If you think investment scammers target only aging people with dementia, think again. C-suite executives are high on the fraud hit list.

"They're the top victims," says John Gannon, senior vice president for investor education at the Financial Industry Regulatory Authority (FINRA). "It's not the widow home alone getting a phone call from a questionable character. The prime candidates are male, college-educated with a sizable income and who are financially literate.

"Their weakness is that they're overly optimistic and self-directed, meaning they don't always rely on financial professionals for a second opinion. They act primarily on their own knowledge, and that can get them in trouble," Gannon says.

FINRA reports that only 15 percent of investors do background checks on their financial professionals, though information is readily available.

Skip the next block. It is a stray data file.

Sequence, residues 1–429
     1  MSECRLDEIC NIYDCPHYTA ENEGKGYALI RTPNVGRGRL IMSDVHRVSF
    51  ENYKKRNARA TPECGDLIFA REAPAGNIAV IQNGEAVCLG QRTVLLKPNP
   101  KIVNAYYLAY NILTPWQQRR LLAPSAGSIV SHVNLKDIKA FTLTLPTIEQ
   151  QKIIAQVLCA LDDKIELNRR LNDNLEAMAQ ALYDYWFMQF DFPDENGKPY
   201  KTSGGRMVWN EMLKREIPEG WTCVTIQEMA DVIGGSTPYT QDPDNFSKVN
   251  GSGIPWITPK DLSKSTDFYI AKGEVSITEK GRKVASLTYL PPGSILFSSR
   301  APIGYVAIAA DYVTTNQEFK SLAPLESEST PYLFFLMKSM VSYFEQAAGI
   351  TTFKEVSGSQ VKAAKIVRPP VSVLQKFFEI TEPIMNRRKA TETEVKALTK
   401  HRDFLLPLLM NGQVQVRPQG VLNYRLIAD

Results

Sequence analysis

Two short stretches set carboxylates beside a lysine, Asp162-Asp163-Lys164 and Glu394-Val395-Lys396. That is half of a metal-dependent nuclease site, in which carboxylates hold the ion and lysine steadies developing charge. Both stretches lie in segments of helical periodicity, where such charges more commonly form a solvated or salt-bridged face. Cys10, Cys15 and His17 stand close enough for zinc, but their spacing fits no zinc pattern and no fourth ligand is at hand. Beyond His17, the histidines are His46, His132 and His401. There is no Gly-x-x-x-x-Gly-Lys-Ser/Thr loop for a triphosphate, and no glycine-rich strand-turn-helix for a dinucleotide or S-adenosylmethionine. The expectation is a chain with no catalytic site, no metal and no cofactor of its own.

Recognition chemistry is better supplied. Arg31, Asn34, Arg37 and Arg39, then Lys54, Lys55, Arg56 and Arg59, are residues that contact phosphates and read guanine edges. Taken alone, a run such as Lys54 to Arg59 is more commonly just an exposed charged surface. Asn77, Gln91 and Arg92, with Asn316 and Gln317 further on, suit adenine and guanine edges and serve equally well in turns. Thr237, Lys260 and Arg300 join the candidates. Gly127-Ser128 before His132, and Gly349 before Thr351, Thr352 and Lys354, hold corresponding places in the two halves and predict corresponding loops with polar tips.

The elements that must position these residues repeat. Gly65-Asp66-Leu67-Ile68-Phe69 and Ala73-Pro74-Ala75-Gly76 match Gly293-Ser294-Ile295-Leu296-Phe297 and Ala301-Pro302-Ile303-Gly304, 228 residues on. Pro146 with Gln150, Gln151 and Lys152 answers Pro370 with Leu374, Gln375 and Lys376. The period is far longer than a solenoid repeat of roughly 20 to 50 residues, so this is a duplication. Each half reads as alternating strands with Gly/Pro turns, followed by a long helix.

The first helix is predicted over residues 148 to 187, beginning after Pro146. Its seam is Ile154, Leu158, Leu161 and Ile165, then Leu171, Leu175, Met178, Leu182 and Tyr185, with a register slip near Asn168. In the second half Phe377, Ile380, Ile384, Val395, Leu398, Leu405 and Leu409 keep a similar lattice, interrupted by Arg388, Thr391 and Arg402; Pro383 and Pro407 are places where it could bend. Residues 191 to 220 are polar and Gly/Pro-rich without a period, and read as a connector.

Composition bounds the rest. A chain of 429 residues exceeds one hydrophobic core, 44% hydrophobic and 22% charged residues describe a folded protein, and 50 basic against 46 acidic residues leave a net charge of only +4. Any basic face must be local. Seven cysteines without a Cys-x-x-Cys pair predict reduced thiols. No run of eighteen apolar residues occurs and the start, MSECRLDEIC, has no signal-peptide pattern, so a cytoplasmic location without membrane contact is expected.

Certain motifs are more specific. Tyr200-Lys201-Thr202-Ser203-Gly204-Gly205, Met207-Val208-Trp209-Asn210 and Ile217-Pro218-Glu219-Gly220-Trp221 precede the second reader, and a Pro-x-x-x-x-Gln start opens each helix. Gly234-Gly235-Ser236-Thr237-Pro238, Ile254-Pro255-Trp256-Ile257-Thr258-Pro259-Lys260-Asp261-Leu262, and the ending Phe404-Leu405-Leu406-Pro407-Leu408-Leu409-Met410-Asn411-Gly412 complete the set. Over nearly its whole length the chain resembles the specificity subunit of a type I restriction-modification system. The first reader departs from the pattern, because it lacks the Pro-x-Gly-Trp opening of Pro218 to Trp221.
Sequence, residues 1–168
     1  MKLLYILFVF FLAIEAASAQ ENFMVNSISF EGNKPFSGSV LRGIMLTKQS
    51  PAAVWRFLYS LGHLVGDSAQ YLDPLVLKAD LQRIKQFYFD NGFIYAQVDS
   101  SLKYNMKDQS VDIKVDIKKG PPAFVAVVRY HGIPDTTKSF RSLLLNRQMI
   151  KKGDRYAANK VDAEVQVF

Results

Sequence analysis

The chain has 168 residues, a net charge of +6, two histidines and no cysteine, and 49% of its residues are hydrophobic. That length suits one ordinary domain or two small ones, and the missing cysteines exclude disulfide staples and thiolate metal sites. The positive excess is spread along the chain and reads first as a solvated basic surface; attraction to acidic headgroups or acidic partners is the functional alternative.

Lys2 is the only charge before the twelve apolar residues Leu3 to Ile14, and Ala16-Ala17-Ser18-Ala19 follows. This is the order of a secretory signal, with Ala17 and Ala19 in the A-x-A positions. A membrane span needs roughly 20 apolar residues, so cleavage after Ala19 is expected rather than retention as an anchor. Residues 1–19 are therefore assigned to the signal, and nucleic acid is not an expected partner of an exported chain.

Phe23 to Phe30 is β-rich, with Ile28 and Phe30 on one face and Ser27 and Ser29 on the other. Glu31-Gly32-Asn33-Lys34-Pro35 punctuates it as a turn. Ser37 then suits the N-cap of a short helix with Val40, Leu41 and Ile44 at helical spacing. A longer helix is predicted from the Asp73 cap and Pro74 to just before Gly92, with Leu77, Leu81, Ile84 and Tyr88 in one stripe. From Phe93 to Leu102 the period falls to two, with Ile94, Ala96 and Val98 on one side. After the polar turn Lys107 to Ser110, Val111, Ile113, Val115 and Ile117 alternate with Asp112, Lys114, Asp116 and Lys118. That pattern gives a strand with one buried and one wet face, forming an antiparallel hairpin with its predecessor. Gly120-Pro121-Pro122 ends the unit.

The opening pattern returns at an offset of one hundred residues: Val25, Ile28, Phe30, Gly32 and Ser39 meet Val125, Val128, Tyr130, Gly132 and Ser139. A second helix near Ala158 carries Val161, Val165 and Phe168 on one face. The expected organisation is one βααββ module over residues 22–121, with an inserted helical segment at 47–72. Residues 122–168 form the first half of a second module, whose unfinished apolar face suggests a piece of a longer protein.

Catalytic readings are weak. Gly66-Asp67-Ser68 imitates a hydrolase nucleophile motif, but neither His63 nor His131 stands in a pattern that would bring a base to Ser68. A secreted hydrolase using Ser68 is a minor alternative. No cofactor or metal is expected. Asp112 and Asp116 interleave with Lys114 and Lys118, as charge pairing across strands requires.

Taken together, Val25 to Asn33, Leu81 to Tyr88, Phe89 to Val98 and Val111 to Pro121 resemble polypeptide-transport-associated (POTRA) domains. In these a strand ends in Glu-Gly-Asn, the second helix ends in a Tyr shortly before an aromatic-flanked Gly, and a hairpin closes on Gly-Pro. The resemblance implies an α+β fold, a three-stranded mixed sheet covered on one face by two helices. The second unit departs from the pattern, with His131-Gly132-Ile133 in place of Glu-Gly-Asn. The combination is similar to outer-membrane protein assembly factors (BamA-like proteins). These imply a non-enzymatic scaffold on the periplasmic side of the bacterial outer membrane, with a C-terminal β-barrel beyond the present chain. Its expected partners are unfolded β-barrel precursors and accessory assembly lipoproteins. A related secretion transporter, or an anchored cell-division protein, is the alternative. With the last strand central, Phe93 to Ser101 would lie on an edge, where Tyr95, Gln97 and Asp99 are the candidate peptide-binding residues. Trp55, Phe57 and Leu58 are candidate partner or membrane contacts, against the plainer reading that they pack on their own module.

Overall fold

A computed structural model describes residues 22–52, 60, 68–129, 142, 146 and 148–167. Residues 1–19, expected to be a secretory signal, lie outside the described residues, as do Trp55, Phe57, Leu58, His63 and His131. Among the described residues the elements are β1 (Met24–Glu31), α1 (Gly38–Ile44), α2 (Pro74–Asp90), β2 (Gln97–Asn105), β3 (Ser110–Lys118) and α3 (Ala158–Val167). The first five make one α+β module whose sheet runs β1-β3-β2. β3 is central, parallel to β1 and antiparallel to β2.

Federal and state securities laws require stockbrokers, registered investment advisors (RIAs) and their firms to be licensed or registered. Key information, such as licensing and registration status, consumer complaints and disciplinary actions, is available to the public.

The U.S. Securities and Exchange Commission maintains a database of more than 10,000 registered investment advisory firms, but not one for individual RIAs. The Ohio Department of Commerce's Securities Division offers consumer information on state-regulated RIAs and their firms.

FINRA's online BrokerCheck feature allows investors to research both current and former member brokerage houses and individual investment professionals.

The Ohio Department of Insurance offers consumer protection information regarding annuity sales.

Consumers also can search for Securities Investor Protection Corp. (SIPC) membership status through SIPC's online database. SIPC provides limited investor protection if a brokerage firm becomes insolvent.